In a 9 x 13" baking pan, place the pasta on the bottom and pour the sauce over the top. Make sure all the pasta is covered evenly. Cover the pan with foil and bake in a 200 C (390 F) oven for 20 minutes. Remove the foil and continue baking for 5 - 10 minutes or until pasta is tender and sauce has slightly thickened.

Serve with coriander leaves, black olives and the extra cloves of roasted garlic on top, or serve with vegan cheese, vegan sour cream, etc...

It looks a lot like spaghetti, but it has a deep char grilled flavor (and a smoked flavor if you use traditional smoked chipotles in adobo) that's worth the extra time.

being vegan in ohio?

Hey guys! So, it's that time of year, and we just found out this week that my boyfriend got accepted to grad school at Ohio University in Athens, Ohio for next year!! It's exciting (and terrifying - we both grew up in Oregon, a good 2600 miles away....)

Anyway, although we're not moving until fall, I've been wondering about vegan stores/restaurants/etc in the area. I've found a few reviews, etc on other sites, but I was wondering if anybody lives/has experience in the Athens area that could give me some firsthand pointers of what to look for.

Thanks!!

Kombucha, the home brewing of

My brother has gotten two new pets, as he so cutely called them; two kombucha colonies, I think they're called. He got them from a friend who's been brewing/growing them for a while now, so he did get a basic how-to explanation, and he has been so far happy the results. Now, me, I've never even tried the drink before, so I have no ideas what to expect and am looking forward to my first taste when the next batch is done fermenting.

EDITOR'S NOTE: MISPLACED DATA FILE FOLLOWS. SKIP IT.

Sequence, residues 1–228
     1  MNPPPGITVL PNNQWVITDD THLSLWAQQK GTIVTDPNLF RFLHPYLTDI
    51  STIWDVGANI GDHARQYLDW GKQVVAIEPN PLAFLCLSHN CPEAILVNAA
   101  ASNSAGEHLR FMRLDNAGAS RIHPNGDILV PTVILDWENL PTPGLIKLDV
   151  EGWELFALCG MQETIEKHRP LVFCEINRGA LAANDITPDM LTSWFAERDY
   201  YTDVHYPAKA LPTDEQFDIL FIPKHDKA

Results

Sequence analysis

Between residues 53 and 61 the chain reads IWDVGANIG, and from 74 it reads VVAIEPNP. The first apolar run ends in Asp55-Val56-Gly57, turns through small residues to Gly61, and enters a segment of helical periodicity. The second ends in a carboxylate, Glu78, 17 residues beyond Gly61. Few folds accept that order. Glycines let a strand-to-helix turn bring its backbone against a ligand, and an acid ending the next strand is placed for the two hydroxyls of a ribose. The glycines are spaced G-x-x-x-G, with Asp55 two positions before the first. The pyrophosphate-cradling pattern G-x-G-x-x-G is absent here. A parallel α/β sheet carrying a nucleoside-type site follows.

Till then, I have a bunch of questions aimed towards those who have some hands-on experience with the stuff:

- from what I've been able to read online, this is a drink made by fermenting black (indian) tea
* anyone know the caffeine content of the final product? I had to give up caffeinated beverages as they really didn't agree with me; one of these days I'll try to bully a doctor into checking if I'm allergic or sensitive or something to it.
* can it be made with some other kind of tea (green, some herbal kind, etc.)?

- our mother reported she'd heard of kombucha fermented with raisins (as a substitute for the sugar, is my guess)
* y/n?
* any other ways/kinds it can be made? (there were mentions of different flavors...?)

- I understand the brewing should not be done under direct sunlight, but what are the optimal temperatures? (Should George & George be moved next to a mild heat source during the cold periods, or can they stay in the not-heated areas of the house?)

- the previous kombucha-related post ended up with a bunch of negative put-downs in the comments which had very little facts backing them there
* could anyone offer some well-supported negatives of doing the whole "kombucha thing"?

- and last but not least, taking George Jr. (a newly divided kombucha colony) home with you - totally wrong, wrong, wrong, I can't believe you have a death wish the size of Oklahoma, OR, really not that big a challenge as long as you know what you're doing and aren't dumb about it? Thoughts, anyone?